George Brick

George Brick was born in either 1923 or 1924 to John Heath Brick and Sarah Boston Brick. John was born in Red Street, Chesterton and Sarah in Tuebrook, Liverpool. They had at least 2 other sons and 3 daughters and one child who did not live through childhood. Sarah had George when she was around 48 or 49 years old! The family lived at 98 Sparrow Terrace Porthill and probably had done so since John and Sarah’s marriage in 1903. John was (ironically) a bricklayer and Sarah had been a nurse.

All we know of his civilian life was he was in the Scouts 1 and that he’d worked for the Co-operative Dairy in Sneyd Green 2.

George joined the Royal Air Force Volunteer Reserve and served as 1580102 Sergeant George Brick in 101 Squadron, Bomber Command.

George Brick

Sergeant George Brick 3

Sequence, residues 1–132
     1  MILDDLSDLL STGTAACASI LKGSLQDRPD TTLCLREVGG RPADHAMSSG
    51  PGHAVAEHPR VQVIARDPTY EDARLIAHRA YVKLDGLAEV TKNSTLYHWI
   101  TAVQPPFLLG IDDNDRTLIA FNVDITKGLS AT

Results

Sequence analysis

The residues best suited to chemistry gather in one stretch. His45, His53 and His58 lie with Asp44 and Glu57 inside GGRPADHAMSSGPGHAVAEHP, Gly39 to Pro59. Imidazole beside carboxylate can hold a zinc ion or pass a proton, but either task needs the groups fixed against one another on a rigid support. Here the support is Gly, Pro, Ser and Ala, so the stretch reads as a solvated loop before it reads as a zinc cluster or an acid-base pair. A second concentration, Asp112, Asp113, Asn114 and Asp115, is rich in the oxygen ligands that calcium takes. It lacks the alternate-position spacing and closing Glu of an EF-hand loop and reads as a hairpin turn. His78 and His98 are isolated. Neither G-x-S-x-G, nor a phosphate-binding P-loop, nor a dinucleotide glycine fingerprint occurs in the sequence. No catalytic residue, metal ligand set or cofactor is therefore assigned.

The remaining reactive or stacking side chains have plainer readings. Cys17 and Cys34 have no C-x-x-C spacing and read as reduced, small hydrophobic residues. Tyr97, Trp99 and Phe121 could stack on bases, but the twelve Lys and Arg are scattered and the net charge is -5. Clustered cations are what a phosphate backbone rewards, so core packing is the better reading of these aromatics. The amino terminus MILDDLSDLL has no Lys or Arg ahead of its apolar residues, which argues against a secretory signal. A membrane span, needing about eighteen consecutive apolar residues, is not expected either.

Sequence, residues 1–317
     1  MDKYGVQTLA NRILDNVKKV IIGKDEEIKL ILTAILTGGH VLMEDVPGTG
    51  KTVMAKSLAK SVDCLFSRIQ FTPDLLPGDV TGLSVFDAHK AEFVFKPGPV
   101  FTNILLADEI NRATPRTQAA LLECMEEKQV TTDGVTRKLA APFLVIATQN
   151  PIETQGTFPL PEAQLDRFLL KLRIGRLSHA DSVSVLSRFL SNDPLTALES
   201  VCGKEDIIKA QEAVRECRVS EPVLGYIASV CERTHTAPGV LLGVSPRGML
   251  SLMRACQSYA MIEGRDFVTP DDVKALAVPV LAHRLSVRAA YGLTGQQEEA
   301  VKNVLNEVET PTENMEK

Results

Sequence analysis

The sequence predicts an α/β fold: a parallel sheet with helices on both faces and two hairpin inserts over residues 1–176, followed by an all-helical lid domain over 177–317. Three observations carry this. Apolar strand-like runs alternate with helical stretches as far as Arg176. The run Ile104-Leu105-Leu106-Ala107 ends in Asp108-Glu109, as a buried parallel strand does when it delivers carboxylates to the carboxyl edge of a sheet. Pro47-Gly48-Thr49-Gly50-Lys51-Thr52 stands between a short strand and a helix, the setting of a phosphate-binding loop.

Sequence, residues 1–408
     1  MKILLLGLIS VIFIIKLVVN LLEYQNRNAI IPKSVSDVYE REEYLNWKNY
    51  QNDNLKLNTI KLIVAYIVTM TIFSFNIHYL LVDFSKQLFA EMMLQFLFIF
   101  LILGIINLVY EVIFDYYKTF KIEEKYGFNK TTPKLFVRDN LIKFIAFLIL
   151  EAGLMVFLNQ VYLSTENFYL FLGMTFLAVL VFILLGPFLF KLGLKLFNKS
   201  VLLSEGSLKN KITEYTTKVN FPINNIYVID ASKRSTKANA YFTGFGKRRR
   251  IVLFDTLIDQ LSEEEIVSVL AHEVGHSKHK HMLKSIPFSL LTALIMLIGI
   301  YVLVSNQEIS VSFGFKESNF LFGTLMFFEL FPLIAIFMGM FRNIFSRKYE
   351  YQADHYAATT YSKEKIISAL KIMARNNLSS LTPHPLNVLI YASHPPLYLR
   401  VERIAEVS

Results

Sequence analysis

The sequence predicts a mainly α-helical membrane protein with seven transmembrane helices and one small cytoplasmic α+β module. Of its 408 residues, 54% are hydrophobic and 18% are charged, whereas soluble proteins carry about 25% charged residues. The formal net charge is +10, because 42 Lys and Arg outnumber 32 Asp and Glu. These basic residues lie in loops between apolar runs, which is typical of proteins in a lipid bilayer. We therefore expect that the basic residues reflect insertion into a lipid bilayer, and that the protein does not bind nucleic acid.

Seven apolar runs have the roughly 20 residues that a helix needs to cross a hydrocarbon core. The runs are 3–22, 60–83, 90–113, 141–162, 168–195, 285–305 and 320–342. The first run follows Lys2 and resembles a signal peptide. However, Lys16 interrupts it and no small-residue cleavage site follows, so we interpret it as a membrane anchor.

Sadly, George and his crew only flew one operational mission. On Tuesday 4th May 1943, they were sent on a raid to Dortmund from their base at RAF Holme-on-Spalding Moor in Yorkshire. Their aircraft was  Lancaster bomber number W4784 which had only flown one other operational mission that February. It had only 12 flying hours and is presumed it wasn’t fit for operational flying after its first raid.  George was probably the mid-upper gunner on the Lancaster. They took off from the airfield at 22.05 and were lost without trace and it is possible they crashed over Holland. The squadron sent eighteen aircraft on the raid that night and two (including George’s) did not return. George’s crew consisted of – Sgt W.Nicholson, Sgt B.W.Squires, F/O N.Ainsworth, F/O H.K.Wainer, Sgt G.Eastwood, Sgt G.Brick & Sgt D.W.Rowley. 4

George has no known grave and is commemorated on the Runnymede Memorial to the men of the RAF and in the Book of Remembrance in St. Andrews Church.

Brick G. Runnymede

George Brick commemorated on the Runnymede Memorial 5

  1. from a conversation with ex Scout Frank Simpson
  2. ‘The Wolstanton Roll of Honour’ by Geoff Mayer and Chris Sheldon
  3. Photo from the Sentinel courtesy of Geoff Mayer
  4. www.lostaircraft.com
  5. Runnymede photo courtesy of British War Graves